One story. Ten fingers. Engaged children. Family prayer.

Thank you, Jesus!

This Post is Brought to you in participation with Sunday Snippets – a question is asked every week and this week’s question was: Do you have any suggestions regarding the Rosary? Books? Audios? Ways to pray it?

Find others’ answers at This That and the Other Thing.

A Finger in the Dam


I’ve been told a few times that I am honest. That I say the things that others are afraid to say, the things that isolate us come dribbling out of my mouth because I just can’t stand it – that feeling like I am the only one. When I see someone who thinks I have it together, I have to take myself down a notch in their eyes and show them what I am wrestling with. So often I find that they are wrestling with the same things. Only no one talks about these things. Shiny, happy posts on facebook never tell the inner hurts, we feel like we should have our act together about these things by now. But we don’t so we just stay silent in shame. I try to inevitably blab about those things.

But lately the shape of my life has left me feeling like it was time to keep my mouth shut. The issues that weigh the most on my heart have to do with my older kids, and I fear sharing details about their lives in my writings. And so it eats away at me. I feel like such a failure as a parent to these young adults that I dare not offer anyone another parental opinion on anything at all.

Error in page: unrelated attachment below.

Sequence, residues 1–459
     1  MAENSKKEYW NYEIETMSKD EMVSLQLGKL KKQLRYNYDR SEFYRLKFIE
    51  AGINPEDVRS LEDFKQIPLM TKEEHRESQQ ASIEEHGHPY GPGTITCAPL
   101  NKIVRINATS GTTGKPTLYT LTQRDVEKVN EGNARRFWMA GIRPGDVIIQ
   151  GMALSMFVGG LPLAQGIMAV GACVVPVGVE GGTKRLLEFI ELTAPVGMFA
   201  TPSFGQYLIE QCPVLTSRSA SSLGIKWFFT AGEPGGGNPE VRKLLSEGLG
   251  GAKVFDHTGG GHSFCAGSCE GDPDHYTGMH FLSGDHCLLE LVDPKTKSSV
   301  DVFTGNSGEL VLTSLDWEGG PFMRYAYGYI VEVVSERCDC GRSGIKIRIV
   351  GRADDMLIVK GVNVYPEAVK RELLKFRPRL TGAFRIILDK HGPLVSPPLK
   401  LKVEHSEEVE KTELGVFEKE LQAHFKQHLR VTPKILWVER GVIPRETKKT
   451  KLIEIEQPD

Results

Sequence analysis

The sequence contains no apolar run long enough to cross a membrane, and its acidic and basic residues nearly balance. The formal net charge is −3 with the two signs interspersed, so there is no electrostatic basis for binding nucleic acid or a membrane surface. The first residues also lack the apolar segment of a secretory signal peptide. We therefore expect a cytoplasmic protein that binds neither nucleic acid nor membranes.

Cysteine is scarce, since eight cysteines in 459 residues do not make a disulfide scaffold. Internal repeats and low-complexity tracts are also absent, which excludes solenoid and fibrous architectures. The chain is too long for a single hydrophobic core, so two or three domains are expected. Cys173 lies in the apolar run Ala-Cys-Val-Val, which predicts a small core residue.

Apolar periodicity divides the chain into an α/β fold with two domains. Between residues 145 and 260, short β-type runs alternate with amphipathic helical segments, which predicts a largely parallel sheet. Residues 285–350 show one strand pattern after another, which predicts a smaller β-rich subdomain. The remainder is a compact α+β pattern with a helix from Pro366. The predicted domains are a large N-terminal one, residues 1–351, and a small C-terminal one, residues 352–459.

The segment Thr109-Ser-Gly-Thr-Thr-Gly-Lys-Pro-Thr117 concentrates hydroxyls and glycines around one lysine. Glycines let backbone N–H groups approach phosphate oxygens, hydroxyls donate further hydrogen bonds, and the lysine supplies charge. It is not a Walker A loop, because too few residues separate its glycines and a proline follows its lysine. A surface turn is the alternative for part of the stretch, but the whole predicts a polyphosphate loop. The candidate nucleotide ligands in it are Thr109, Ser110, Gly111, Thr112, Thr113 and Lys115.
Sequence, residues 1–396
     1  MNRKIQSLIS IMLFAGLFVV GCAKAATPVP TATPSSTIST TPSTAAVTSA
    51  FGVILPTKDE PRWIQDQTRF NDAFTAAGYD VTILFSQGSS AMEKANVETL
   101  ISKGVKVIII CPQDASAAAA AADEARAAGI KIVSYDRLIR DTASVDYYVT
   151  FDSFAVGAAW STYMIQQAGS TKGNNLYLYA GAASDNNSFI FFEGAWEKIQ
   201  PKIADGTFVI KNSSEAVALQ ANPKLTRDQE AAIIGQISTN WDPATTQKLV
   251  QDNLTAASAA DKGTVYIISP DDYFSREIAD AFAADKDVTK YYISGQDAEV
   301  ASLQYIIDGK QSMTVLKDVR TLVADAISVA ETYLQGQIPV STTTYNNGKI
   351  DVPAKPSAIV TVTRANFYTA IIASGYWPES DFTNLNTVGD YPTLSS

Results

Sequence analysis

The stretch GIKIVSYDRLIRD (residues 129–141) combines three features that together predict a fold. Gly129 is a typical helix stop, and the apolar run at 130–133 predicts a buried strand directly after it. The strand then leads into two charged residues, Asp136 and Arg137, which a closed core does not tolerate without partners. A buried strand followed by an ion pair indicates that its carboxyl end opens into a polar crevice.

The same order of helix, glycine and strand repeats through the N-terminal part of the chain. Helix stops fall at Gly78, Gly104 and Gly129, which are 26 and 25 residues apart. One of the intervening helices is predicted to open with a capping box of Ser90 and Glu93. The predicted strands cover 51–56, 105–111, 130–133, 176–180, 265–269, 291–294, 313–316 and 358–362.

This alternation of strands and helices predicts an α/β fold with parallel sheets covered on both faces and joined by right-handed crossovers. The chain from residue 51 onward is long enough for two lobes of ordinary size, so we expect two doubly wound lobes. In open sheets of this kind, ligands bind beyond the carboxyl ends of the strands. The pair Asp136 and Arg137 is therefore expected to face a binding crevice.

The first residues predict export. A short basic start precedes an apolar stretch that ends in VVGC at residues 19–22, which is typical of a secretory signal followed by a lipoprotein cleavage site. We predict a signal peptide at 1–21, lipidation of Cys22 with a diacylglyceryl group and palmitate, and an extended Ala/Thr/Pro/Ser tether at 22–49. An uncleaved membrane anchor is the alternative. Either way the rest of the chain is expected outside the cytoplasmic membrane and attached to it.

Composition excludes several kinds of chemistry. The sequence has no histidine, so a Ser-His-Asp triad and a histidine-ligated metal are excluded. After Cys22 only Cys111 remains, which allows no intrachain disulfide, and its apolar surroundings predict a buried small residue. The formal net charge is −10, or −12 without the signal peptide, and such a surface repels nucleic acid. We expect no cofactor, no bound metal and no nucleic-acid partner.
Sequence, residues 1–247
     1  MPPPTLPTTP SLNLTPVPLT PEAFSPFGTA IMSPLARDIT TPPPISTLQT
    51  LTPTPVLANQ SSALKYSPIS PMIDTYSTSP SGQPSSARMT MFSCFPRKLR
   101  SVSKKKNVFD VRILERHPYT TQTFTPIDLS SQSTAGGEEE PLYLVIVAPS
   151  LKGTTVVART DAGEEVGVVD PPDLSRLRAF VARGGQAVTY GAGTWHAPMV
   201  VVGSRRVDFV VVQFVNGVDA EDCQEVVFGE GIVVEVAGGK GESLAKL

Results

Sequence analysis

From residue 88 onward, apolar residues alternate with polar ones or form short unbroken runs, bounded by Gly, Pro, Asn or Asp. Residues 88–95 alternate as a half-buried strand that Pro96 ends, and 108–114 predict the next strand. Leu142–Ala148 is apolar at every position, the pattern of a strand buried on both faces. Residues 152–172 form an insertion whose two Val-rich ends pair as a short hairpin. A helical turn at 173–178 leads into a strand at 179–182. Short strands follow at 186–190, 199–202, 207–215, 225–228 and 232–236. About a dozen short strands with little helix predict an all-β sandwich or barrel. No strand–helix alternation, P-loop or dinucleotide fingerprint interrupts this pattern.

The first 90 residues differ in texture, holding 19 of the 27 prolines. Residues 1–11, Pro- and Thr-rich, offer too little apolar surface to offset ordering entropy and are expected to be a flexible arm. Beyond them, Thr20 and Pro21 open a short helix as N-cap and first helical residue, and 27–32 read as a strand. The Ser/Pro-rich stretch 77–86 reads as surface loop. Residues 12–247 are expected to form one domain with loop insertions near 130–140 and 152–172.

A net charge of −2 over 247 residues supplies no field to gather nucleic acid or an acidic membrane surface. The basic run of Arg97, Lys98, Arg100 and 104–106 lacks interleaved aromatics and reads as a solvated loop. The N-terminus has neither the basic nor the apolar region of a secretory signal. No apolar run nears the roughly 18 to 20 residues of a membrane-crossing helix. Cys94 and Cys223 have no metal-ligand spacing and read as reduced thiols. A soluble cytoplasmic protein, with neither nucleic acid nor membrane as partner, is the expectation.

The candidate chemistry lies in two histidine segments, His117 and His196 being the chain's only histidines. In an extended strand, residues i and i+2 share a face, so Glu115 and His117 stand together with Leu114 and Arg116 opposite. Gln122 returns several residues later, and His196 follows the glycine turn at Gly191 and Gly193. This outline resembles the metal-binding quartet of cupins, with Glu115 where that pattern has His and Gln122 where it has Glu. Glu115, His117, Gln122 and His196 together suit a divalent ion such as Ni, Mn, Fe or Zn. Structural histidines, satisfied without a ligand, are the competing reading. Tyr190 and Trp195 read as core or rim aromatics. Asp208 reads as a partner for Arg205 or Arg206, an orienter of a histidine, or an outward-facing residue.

Brick by brick, I build this dam. holding all the ugly truths of my life back from here, from everyone. Until I can’t even write anymore because there is so much left unsaid that I don’t know where to begin.

Certain signs have told me that this is not working. There are cracks and fissures in my dam. I have kept my finger there, plugging the leak for too long. I am tired. I am lonely. Worse yet, I know that if I feel like this there have to be others who feel the same way. They need, I need, to know we are not alone. We may have failures as a parent, but if we let those paralyze us, we will be useless to our other children and to each other. We will be isolated and neutralized in the good we can do. That sounds like it is exactly where Satan wants us.

So I am taking my finger out of the dam. There is a lot being held back, and I don’t know how it will all come out, but I need to share and reach out.

To begin with, I have to say that my two older children are not practicing their faith. at least one doesn’t attend church at all. Another goes to church at times and even carries a rosary, but also wears a sack of crystal rocks around his neck, thinks hallucinogens are the way to clarity and talks about how Arabic is how we should be communicating.

What is a momma to do with these things? Confrontation has yielded accusations that I am just stuck in the mud, a slave to the old beliefs of a corrupt patriarchal system. I say my piece and try to love them anyway, wondering all the time if I am enabling their behavior more than I realize.

This letting go thing is so much harder than the months of colicky crying. This pain reaches deep into the pit of my stomach and won’t let go. It’s like seeing your child about to grab a cactus or touch a stove, times a thousand. There is that tense slow motion here too – trying to pick the words and realizing that they have been left unsaid while the child has marched off to do what he will.

I remember vividly some decisions I made that probably put my parents through the same feelings. I try to love my children the way they loved me. Condemnation closes doors, respectful honesty (and then shutting up) keeps them at least open a crack or so it seems. But is that enough?